Explore-exploit dilemma

Refers to the trade-off between exploitation, which maximises reward in the short-term, and exploration which sacrifices short-term reward for knowledge which can increase rewards in the long term.

See the multi-armed bandit problem for an example.

Acquisition functions

A function that decides the next point to sample while trying to maximize the cumulative reward, balancing exploration and exploitation.


Probability of improvement

Pick the action which maximises the chance of getting to a state with a value greater than the current best state. The reward is 1 if the new state is better and 0 otherwise. This means that it will eschew possible large improvements in favour of more certain small ones.

If all nearby states are known to be worse this strategy can lead to getting stuck in local optima.

Expected improvement

Pick the action which maximises the expected improvement of that new state over the current best state. The reward is the difference between the values if the new state is better than the old one and zero otherwise.

A higher expected improvement can be obtained either by increasing either the variance or the mean of the value distribution of the next state.

Upper confidence bound

Calculate confidence intervals for the rewards from each action in a given state. Pick the action for which the upper bound of the reward is greatest. This will lead to actions with greater uncertainty being chosen since the confidence interval will be larger.

Boltzmann exploration

Method for addressing the explore-exploit dilemma and choosing actions off-policy. Decrease the temperature over time. High temperatures incentivize exploration and low temperatures prioritize exploitation.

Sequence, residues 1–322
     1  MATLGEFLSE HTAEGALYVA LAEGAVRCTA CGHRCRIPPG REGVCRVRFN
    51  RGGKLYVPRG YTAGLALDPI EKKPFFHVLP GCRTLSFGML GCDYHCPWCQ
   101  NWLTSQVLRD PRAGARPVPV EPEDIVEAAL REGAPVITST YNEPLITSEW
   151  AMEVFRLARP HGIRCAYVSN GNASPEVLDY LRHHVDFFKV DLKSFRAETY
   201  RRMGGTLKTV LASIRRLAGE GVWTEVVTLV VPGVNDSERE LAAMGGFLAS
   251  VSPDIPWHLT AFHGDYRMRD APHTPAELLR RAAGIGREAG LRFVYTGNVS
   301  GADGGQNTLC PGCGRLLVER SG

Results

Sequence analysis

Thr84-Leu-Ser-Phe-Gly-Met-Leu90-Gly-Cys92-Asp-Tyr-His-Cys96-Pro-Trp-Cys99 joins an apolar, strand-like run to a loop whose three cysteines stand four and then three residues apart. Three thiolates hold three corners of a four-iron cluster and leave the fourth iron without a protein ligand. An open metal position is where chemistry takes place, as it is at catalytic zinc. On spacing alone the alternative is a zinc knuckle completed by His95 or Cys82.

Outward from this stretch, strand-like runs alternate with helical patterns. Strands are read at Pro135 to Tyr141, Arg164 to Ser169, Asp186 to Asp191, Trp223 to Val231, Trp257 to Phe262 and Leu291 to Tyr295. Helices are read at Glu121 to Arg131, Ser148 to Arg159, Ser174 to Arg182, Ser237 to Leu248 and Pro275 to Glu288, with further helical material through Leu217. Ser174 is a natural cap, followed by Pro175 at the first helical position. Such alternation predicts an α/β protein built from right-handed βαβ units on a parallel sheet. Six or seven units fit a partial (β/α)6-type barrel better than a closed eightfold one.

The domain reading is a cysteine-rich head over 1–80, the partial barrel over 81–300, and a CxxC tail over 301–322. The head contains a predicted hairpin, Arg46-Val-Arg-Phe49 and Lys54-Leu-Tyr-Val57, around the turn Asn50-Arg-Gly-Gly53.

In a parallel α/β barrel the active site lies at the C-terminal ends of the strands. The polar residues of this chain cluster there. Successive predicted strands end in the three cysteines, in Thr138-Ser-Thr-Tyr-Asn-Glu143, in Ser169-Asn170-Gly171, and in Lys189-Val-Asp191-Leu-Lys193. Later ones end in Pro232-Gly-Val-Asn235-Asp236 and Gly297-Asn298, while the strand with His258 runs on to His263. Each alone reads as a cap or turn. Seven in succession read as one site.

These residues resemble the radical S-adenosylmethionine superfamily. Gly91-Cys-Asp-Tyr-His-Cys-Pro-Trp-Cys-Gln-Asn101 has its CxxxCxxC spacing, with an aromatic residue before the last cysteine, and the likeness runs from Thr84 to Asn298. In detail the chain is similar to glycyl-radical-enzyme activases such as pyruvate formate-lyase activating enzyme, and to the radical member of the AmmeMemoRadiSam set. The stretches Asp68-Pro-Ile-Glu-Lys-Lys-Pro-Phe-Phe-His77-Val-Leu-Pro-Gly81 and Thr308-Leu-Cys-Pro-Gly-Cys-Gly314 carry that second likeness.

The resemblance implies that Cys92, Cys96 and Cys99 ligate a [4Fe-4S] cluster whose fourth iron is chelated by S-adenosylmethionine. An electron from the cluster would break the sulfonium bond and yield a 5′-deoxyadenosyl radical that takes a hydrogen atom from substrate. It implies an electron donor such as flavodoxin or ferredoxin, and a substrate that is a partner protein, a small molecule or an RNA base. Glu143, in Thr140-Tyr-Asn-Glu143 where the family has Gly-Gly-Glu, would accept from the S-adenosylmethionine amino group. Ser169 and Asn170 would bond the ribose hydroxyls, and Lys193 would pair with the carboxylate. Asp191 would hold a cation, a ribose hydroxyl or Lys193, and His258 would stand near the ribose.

\pi(a|s) = e^{\frac{Q(s,a)}{\tau}}/\sum_{a' \in A} e^{\frac{Q(s,a')}{\tau}}

As \tau approaches 0, it approximates a maximum function. As \tau becomes large (above 3), the uniform distribution is approximated. The place where the distribution of probabilities is proportional to the differences in the Q-values does not appear to be fixed but usually occurs around 0.5.

Count-based exploration

Use the count of the number of times an agent has visited a state to guide exploration. Only useful if the number of possible states is very small.

Entropy of the policy

The entropy of the policy’s distribution over actions H(\pi(s;\theta)) can be added to the loss function to incentivize exploration.

Asynchronous Methods for Deep Reinforcement Learning, Mnih et al. (2016)

Epsilon-greedy policy

A method for inducing exploration during training. Choose the greedy policy with probability 1-\epsilon and a random action with probability \epsilon.

Unlike more sophisticated methods, epsilon-greedy cannot automatically decrease the exploration rate over time as the model becomes more certain.

Greedy policy

A policy that always selects the best action according to its value or Q function without any regard for exploration.

Intrinsic motivation

Technique in which exploration is motivated by the change in prediction error from learning a new piece of information.

Multiple Armed Bandit Problem

Example of the explore-exploit tradeoff. Each machine (or bandit) provides a random reward from a probability distribution specific to that machine. A balance must be struck between picking the machine which has the best expected return (exploiting) and picking one’s about which not much is known in the hope that they may be better (exploring).

The objective is to maximise the sum of the rewards over a set number of possible actions.

A simple approach that works well is to use an epsilon-greedy policy.

Off-policy and on-policy learning

In off-policy learning the behaviour distribution does not follow the policy. This allows a more exploratory behaviour distribution to be chosen, using an epsilon-greedy policy or Boltzmann exploration, for example.

In on-policy learning the policy determines the samples the network is trained on. An example is SARSA.

Thompson sampling

Method for addressing the explore-exploit dilemma. An action is chosen with probability equal to the probability that that action maximises the expected reward.

This can be done by maintaining a probability distribution for the parameters of the environment (eg which actions are associated with which rewards in a given state). Then parameters can be sampled from this distribution and the expected optimal action chosen given the sampled parameters.